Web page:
Series | Pitt included retirees, administrators in faculty union bargaining unit

Faculty union organizers called the move “disgusting and obvious union busting.” Pitt chalked it up to poor communication.


TPN file photo

Tyler Bickford, a professor in the English department, drops one of the first union cards at a kick-off event held by Pitt faculty union organizers in the William Pitt Union Ballroom in January 2018.

This article is the introduction to an in-depth series about Pitt’s faculty union campaign. 

When Pitt faculty filed for a union election in January after years of knocking on office doors, handing out fliers and persuading thousands of faculty to join the cause, organizers thanked University administration for staying impartial on their campaign.

“The administration has been really hands off, which is great,” Tyler McAndrew, a faculty union organizer and visiting lecturer in the English department, said that month.

But that trust and gratitude had evaporated by July, when union organizers accused the University of breaking the law to derail unionization efforts.

After collecting signed authorization cards from more than 30% of Pitt faculty, The Pitt Faculty Organizing Committee petitioned for a union election Jan. 18. In response, the University provided a list of 4,018 faculty that it deemed eligible for the union’s bargaining unit to the Pennsylvania Labor Relations Board.

But that list, submitted March 23, contained hundreds of administrators, graduate students and retired faculty. These groups of people are rarely allowed in a faculty union, according to Pennsylvania labor laws and precedents set by other universities.

At a two-day hearing in late July, where union organizers and Pitt’s attorneys jousted over what organizers called the “unjustified” inclusions on the list, PLRB Hearing Examiner Stephen Helmerich ruled in favor of organizers, declaring more than 700 inclusions to be questionable and ordering Pitt to turn employment records over to organizers for further analysis.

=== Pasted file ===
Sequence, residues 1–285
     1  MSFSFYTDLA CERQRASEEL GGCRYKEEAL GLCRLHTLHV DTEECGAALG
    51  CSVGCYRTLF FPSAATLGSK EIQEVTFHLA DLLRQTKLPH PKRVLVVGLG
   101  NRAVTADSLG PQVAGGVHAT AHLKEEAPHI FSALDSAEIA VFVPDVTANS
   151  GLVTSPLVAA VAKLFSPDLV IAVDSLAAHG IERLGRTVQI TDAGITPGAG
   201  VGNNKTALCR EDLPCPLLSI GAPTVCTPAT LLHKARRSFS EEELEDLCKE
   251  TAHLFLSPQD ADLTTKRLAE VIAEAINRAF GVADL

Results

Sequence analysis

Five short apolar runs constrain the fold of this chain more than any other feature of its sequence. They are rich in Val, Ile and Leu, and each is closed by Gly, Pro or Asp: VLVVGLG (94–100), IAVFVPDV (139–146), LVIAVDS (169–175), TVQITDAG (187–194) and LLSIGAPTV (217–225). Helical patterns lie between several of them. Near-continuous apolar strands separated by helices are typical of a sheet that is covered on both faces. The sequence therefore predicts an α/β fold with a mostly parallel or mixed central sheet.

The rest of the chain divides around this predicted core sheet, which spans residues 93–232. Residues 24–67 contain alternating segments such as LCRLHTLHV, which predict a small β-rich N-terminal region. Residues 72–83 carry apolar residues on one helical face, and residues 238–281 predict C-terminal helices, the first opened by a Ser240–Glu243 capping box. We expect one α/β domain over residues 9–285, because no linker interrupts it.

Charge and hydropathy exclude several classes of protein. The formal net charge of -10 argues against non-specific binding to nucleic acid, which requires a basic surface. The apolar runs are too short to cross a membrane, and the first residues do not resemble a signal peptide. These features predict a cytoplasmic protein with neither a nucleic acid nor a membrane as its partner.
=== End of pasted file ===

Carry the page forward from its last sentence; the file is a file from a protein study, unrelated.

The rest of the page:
That wasn’t the first — or last — time Pitt came under scrutiny for what Helmerich called “unfair labor practices.” Helmerich found Pitt guilty of “coercive acts” that possibly influenced the April graduate student union election and subsequently ordered a new election. Last week, Pitt filed an exception attempting to block a second election.

The University has also shelled out nearly a quarter-million dollars to “union avoidance” law firm Ballard Spahr since 2016, according to financial disclosure reports published by The Pitt News in May.

As Pitt fields intensifying criticism from organizers for its actions in both unionization efforts, University representatives have remained publicly neutral toward the faculty union campaign.

Pitt spokesperson Kevin Zwick said the University has never tried to stall a faculty union election, and claimed that many inclusions on the list that organizers have challenged are actually justified. The questionable inclusions, he said, were the result of unclear communication from organizers.

But union organizers from Pitt and United Steelworkers, the union aiding the faculty’s unionization campaign, claim the University intentionally packed the bargaining unit to stall a union election. McAndrew called the move “disgusting and obvious union busting.”

Through analysis of documents exchanged between faculty union organizers and the University administration, and in-depth interviews with both parties, The Pitt News conducted a two-month-long investigation into who was included on the list, whether or not they belong in the bargaining unit and why Pitt and union organizers continue to quarrel. 

Read the rest of this series:

Part 1

Part 2

Part 3